Amazon Launches Its Own Login Service

Taking a page from Paypal and many others, Amazon (NASDAQ:AMZN) on Wednesday (May 29) launched its own login service, offering its integration to rival e-tailers who want to attract some of Amazon's 200 million active shoppers. Login with Amazon is also being positioned for games and other types of content.

"Login with Amazon enables app developers and website owners to leverage Amazon's trusted sign-in solution, allowing them to focus on providing a great experience for their customers," Amazon Vice President for E-Commerce Services Michael Carr said. "Amazon customers now have a hassle-free way to quickly and securely sign-in to apps, games and websites, without having to remember yet another password."

It's certainly true—as Amazon said—that many consumers are burdened remembering many passwords (or weakening their security by using the same password with many sites), but whether they'll want to use their Amazon credentials everywhere is another issue. If they sour on Amazon, they'd have to change all of their passwords.

More to the point, though, will a large of e-tailers feel comfortable letting its customers sign in with the credentials of a direct rival? Will they want to have Amazon's logo on their site, constantly reminding their customers of Amazon being an alternative place to give your money.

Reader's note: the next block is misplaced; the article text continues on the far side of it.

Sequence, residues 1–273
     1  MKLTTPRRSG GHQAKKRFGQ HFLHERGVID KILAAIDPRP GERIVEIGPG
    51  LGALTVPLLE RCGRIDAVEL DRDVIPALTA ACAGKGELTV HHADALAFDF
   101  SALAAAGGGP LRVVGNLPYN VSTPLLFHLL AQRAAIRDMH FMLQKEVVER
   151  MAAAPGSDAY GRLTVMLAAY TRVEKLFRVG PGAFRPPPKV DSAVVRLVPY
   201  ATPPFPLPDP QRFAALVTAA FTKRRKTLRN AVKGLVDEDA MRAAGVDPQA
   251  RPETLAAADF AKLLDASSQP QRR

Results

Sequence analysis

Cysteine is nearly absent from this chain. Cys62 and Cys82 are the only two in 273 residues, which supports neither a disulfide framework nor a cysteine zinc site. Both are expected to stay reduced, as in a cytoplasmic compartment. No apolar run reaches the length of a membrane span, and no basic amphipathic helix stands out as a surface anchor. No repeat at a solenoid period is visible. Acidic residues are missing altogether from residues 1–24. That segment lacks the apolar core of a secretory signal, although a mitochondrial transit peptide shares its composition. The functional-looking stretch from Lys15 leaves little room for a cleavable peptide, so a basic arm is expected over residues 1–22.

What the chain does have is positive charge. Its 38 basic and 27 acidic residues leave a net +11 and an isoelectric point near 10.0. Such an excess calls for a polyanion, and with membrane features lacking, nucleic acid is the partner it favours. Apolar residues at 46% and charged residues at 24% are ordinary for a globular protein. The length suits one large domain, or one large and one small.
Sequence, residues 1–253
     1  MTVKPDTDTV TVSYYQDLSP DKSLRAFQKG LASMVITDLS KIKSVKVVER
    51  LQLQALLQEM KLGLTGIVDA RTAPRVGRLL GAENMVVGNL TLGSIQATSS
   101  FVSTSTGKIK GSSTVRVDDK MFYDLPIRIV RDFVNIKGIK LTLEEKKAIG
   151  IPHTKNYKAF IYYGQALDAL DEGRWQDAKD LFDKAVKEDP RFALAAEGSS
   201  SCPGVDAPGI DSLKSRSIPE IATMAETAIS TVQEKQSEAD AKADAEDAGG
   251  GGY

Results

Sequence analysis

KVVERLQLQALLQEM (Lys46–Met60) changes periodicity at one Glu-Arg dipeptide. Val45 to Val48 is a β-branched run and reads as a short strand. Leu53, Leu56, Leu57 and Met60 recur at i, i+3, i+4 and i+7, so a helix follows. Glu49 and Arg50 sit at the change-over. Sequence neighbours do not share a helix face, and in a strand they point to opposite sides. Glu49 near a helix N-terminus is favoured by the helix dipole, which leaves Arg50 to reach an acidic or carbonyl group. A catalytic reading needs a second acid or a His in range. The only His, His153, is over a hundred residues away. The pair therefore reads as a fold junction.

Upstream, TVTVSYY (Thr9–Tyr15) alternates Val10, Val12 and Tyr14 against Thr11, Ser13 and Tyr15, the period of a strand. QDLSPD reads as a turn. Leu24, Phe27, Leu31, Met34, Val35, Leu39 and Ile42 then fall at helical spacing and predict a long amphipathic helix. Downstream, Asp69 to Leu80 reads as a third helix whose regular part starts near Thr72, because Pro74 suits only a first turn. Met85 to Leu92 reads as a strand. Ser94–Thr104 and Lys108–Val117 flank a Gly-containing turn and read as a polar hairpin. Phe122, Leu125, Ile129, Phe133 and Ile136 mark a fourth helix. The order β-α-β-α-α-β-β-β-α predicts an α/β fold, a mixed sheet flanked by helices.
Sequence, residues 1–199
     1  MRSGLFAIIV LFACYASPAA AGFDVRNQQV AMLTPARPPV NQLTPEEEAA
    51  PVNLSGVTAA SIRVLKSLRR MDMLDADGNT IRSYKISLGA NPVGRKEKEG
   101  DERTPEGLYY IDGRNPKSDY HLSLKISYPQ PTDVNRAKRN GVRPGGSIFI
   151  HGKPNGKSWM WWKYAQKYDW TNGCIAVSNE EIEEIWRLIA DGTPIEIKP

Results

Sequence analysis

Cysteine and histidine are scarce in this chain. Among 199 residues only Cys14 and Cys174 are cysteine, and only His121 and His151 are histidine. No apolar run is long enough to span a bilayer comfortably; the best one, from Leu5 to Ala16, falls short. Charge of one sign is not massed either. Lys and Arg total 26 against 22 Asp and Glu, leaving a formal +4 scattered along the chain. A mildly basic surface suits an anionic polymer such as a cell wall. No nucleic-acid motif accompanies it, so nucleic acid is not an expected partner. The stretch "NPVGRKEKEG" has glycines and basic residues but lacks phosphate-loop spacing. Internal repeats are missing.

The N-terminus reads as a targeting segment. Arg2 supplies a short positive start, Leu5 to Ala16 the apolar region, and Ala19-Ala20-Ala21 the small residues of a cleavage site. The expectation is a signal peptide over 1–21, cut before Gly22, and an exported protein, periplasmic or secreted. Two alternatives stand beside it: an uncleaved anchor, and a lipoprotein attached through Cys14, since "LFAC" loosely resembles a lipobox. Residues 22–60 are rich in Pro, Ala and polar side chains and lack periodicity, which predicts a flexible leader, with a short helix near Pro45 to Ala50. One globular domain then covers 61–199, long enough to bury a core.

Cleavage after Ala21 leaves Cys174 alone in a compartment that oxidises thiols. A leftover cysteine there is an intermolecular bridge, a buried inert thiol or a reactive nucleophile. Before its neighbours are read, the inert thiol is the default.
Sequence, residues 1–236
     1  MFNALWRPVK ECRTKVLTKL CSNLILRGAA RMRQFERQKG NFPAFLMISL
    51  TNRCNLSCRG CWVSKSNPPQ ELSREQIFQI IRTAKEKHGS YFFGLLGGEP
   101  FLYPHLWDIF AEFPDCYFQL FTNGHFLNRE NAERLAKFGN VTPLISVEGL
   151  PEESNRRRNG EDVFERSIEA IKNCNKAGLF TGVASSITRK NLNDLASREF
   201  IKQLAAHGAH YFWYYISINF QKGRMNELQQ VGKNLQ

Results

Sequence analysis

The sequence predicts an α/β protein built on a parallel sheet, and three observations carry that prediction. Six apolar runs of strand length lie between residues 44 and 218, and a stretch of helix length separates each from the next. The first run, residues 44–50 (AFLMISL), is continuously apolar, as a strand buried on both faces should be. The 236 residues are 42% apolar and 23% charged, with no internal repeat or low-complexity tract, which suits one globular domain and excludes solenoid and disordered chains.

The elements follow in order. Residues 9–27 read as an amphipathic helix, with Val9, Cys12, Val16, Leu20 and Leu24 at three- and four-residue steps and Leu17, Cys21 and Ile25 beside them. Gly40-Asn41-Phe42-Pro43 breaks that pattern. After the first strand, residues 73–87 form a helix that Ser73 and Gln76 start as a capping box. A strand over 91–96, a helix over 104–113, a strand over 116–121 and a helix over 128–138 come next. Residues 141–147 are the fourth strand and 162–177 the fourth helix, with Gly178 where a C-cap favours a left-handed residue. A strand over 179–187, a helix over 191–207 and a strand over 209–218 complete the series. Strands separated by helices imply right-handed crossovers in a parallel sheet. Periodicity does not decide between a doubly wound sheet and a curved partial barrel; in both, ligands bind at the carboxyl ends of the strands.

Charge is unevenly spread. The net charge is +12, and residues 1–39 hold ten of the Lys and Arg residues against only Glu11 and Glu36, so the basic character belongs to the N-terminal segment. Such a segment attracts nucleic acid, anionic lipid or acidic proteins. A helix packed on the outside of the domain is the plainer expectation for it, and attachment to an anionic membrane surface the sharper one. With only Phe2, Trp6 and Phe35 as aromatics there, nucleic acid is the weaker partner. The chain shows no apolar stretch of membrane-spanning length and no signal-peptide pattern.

Amazon said customers can choose to share certain attributes of their account profile with apps, games, and websites by using their Amazon login, a feature that sounds similar to the sharing options available using the login offered by Facebook Inc. (FB) that can be used on a variety of websites, the Wall Street Journal reported. Facebook also offers a login for Android and for iOS apps in addition to one for the Web.

For more:

 

Suggested Articles

Costco changes up its menu items, and Alibaba and Guess partner for a physical store.

Janey Whiteside, Walmart's new chief customer officer, is well acquainted with the importance of customer service in modern retail.

Whole Foods will offer deals on Amazon's Prime Day, and tariffs against China are causing pricing hikes.